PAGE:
In the midst of the pandemic, there has been a constant search for clarity — on what measures individuals should take, on the availability of testing, on how we construct a path forward. In a period of great uncertainty and invisible threats, people feel comfortable going about their lives only if they are confident in the information they receive. The uncertainty will linger and so investors, regulators, and stakeholders will also be demanding more disclosure and information in real time on everything from cash flow to the health of employees. 


A host of organisations will need to restart in a changed world, because they were either shut down owing to government fiat or forced to for financial reasons. This will require the usual steps of any beginning: designing the business plan, finding startup capital, establishing the supply chain, hiring employees, reviewing the customer experience to entice new buyers and bring back old ones, and building brand. But new layers of complexity will be added to the process. 

All this must be done with a keen eye toward understanding trade-offs and building the capacity to navigate the disruptions that are bound to arise in the future. The need to restart can happen at any point in the repair–rethink–reconfigure process. As uncertainty grows around the world, this process becomes the new normal: The next crisis will occur, and organisations that have not learned the lessons of this experience are back in repair mode.

Transition to
a new world

The need for governments and organisations to transition to a new world was apparent well before COVID-19 arrived. The pandemic and the associated economic, organisational, and personal consequences of the decisions made to address it just made the need for those transitions greater. But the monumental changes individuals have had to make to accommodate the crisis have made us better prepared to make necessary changes. It would be unfortunate — and potentially devastating — if we did not take advantage of the opportunity in front of us.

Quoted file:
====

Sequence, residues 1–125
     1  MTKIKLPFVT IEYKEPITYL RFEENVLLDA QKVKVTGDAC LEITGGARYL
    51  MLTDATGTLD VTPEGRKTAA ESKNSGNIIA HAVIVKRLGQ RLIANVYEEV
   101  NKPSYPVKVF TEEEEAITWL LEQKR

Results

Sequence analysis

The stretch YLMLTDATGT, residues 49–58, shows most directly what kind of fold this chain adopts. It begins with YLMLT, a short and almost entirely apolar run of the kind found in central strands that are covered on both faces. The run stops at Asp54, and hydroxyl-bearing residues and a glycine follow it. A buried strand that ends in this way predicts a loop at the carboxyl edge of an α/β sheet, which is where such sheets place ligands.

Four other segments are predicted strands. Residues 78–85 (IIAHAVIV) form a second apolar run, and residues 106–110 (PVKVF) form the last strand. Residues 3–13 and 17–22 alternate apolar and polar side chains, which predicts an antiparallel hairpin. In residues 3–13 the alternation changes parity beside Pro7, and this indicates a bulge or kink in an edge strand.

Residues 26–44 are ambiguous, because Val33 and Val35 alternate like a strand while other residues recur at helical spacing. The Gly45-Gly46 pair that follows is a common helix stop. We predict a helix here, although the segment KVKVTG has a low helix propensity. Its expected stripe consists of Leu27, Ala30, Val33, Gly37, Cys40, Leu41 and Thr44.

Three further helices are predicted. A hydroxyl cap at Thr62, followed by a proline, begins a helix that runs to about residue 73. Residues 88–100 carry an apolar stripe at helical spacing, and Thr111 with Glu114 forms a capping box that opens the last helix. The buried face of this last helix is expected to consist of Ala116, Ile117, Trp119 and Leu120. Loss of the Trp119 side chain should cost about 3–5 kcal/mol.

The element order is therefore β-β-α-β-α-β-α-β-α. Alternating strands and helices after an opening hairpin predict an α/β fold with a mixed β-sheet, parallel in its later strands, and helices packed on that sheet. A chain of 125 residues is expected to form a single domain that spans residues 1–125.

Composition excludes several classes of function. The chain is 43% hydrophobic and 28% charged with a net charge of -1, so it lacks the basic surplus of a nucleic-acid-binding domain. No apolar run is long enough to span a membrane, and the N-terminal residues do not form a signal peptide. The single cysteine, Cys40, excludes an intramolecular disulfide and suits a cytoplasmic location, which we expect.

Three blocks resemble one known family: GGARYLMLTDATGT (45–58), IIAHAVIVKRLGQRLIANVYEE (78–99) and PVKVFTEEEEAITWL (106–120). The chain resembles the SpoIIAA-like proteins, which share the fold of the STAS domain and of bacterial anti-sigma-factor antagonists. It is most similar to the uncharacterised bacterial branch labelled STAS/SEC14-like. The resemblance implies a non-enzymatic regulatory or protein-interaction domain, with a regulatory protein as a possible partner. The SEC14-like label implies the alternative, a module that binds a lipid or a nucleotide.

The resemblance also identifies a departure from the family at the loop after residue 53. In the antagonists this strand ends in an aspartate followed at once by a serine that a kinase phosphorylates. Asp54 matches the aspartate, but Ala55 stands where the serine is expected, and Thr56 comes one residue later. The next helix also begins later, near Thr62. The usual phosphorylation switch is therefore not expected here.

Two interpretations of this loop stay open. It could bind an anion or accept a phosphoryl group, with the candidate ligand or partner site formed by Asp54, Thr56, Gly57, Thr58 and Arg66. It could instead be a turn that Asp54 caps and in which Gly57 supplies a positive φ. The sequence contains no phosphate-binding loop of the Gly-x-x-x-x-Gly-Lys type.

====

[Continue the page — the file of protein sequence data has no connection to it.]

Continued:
One of the remarkable features of this pandemic is that it has created a shared global experience of an overwhelming event. If this shared experience can engender greater solidarity and a sense of purpose, the prospect of adapting to a new world and thriving in it becomes more promising. Hope is not a strategy. But strategy can provide hope.

For an examination of strategic solutions to the world’s most pressing global crises consider our recently released book, Ten Years to Midnight.

A version of this article originally appeared in strategy+business on May 13, 2020.

Thomas Minet, a director with PwC US and a member of the global strategy and leadership team, also contributed to this article.


blair sheppard


Blair Sheppard

Blair is the global leader of strategy and leadership for the PwC Network. He is also professor emeritus and dean emeritus of Duke University’s Fuqua School of Business.

More About Blair Sheppard


Daria Zarubina

Daria is a member of the global strategy and leadership team at PwC. She is a director with PwC Russia.

More About Daria Zarubina


Alexis Jenkins

Alexis is the chief of staff for the global strategy and leadership team at PwC. She is a director with PwC UK.

More About Alexis Jenkins